is adapted from an essay written by Austin Olney, Tolkiens
editor at Houghton Mifflin for many years, on the occasion of
the fiftieth anniversary of the publication of
Those who know and love the works of J.R.R. Tolkien know also
that they stand on their own and need no further explication
or justification. Still, their vision is so powerful, their
complexity so engaging, and their consistency and originality
so unlike any other individual vision that one cant help
speculating on how they came into being.
Tolkiens childhood was not a happy one. He was born in
South Africa, where his father was a businessman, in a setting
far from the Shire, but he moved to England with his mother
while still an infant. As a schoolboy he discovered a love of
language and was fortunate to have two young cousins who shared
their made-up languages with him. One was "Animalic,"
which used many animal names for words (for example, "Dog
nightingale woodpecker forty" meant "You are an ass").
Tolkiens mother died when he was twelve, and at sixteen
he went to live with a couple who took in boarders one of
whom became his friend and eventually his wife. As a student
at Oxford, he struck up a friendship with C. S. Lewis, who was
later to be a fellow professor at Oxford, and with whom he shared
his thoughts about myths, languages, and storytelling. Lewis
said, "Myths are lies even though lies breathed through
silver." "No," said Tolkien, "they are not."
And they discussed such matters extensively over the years,
for when Tolkien married and he and his wife, Edith, had children,
he found that, like Lewis, he had a gift for storytelling.
John, their eldest son, often had difficulty falling asleep.
When he was lying awake his father would come and sit on his
bed and tell him tales of Carrots, a boy with red hair who climbed
into a cuckoo clock and went off on a series of strange adventures.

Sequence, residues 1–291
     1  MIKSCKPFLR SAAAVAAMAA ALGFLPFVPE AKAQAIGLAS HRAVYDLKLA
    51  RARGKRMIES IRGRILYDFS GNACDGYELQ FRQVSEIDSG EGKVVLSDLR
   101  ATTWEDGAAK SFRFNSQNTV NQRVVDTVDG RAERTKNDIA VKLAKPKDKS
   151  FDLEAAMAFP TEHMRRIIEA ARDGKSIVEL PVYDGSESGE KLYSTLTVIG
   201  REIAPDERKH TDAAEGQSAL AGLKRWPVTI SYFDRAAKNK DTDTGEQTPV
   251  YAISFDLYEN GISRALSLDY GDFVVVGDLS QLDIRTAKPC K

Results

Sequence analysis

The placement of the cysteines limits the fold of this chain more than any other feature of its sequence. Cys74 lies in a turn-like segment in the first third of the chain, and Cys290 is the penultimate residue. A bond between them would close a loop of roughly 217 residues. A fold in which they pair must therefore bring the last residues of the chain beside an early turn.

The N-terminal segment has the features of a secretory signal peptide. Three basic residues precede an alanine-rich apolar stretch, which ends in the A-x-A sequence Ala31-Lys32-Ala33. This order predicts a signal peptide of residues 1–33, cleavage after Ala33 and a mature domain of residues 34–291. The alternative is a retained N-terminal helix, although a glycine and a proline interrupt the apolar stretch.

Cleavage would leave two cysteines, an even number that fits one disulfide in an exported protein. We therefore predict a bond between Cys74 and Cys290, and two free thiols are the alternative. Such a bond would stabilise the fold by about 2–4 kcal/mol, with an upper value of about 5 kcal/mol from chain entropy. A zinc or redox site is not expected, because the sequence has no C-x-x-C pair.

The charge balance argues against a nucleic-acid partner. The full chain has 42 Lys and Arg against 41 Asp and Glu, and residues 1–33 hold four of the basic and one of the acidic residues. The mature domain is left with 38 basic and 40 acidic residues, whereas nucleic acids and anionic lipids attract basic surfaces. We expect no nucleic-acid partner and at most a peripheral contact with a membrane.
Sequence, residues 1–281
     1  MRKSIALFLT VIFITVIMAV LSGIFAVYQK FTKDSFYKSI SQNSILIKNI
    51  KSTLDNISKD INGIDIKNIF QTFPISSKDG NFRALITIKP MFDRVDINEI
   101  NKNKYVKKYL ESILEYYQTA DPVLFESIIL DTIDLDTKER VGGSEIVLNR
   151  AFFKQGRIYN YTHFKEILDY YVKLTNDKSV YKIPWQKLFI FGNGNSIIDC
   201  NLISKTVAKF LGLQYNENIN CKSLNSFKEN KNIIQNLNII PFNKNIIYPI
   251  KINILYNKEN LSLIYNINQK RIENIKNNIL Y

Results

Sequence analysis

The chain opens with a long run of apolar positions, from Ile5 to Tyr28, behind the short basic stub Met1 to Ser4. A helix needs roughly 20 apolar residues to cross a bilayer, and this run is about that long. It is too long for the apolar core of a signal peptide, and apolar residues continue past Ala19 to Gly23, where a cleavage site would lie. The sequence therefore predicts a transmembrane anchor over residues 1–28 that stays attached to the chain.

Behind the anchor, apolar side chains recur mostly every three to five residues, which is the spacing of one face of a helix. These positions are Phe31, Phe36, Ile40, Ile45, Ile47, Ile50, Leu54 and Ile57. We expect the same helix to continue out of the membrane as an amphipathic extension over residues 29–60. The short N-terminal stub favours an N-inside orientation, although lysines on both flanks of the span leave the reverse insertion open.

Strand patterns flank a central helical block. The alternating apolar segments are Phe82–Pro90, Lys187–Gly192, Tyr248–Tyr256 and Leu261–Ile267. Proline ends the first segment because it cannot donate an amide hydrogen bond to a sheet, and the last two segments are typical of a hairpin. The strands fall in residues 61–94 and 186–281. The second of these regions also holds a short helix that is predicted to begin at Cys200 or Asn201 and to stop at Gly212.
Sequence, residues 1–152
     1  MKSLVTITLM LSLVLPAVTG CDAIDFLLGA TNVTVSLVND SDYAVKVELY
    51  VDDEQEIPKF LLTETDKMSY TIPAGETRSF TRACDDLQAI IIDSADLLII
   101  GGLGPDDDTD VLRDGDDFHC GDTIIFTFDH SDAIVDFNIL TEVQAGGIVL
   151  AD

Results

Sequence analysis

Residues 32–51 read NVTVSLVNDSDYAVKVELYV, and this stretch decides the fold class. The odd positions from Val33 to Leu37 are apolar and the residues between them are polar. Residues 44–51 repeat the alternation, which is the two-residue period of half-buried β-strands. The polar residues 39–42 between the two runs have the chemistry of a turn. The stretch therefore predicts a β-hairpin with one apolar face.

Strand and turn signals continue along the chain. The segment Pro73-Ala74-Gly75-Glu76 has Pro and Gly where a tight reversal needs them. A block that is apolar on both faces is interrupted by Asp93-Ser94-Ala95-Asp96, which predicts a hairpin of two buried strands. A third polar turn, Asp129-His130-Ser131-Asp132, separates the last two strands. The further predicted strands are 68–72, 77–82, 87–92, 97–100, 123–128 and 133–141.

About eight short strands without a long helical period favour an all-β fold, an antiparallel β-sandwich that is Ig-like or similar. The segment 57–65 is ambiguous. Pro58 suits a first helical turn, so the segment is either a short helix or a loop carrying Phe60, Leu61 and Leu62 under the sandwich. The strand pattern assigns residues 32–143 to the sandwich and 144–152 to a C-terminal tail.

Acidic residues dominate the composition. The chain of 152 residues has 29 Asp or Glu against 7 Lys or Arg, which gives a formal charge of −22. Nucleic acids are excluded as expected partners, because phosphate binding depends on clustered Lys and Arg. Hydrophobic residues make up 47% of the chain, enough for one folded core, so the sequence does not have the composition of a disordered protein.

In this fashion Tolkien discovered that he could use his imagination,
which at this time was creating the complexities of The Silmarillion
to invent simpler stories. He had an amiably childlike sense
of humor, and as his sons grew older this manifested itself
in the noisy games he played with them and in the stories
he told Michael, his younger son, who was troubled by nightmares.
These tales were about the irrepressible villain Bill Stickers,
a huge hulk of a man who always got away with everything. His
name was taken from a notice on an Oxford gate that said "Bill
Stickers Will Be Prosecuted," and a similar name provided
the source of the righteous person who was always in pursuit
of Stickers, "Major Road Ahead."
So it was that during the 1920s and 1930s Tolkiens imagination
was running along two distinct courses that did not meet. On
one side were the stories composed for the amusement of his
children. On the other were the grander themes, sometimes Arthurian
or Celtic, but usually associated with his own legends. Meanwhile,
nothing was reaching print, beyond a few poems in an Oxford
magazine, which indicated to his colleagues that Tolkien was
amused by dragons hoards and funny little men with names
like Tom Bombadil. A harmless pastime, they felt, if a little
Something was lacking, something that would bring the two sides
of the imagination together and produce a story that was at
once heroic and mythical and at the same time tuned to the popular
imagination. He was not aware of this lack, of course; nor did
it seem particularly significant to him when the missing piece
fell into place.
It was on a summers day in the 1930s, and he was sitting
by the window in his study, laboriously marking School Certificate
exam papers. Years later he recalled: "One of the candidates
had mercifully left one of the pages with no writing on it (which
is the best thing that can possibly happen to an examiner),
and I wrote on it: In a hole in the ground there lived
a hobbit. Names always generate a story in my mind. Eventually
I thought Id better find out what hobbits were like. But
thats only the beginning."
"One writes such a story," said Tolkien, "out
of the leaf-mold of the mind," and while we can still detect
the shape of a few of the leaves his alpine trek of 1911,
the goblins of the "Curdie" books of George Macdonald,
an episode in Beowulf when a cup is stolen from a sleeping dragon
this is not the essential point of Tolkiens metaphor.
One learns little by raking through the compost heap to see
what dead plants originally went into it.
Far better to observe its effect on the new and growing plants
that it is enriching. And in The Hobbit
of Tolkiens mind nurtured a rich growth with which only
a few books in childrens literature can compare.
J.R.R. Tolkien died in 1973 at the age of eighty-one. It is
a long way from "In a hole in the ground there lived a
hobbit," at the beginning of The Hobbit
, to Sams
satisfied sigh at the end of The Lord of the Rings
Im back!" And fortunately Sam and all the others
a whole world, Middle-earth, full of them are
still with us more than a half century after the beginning of
it all, and indeed will be with us forever.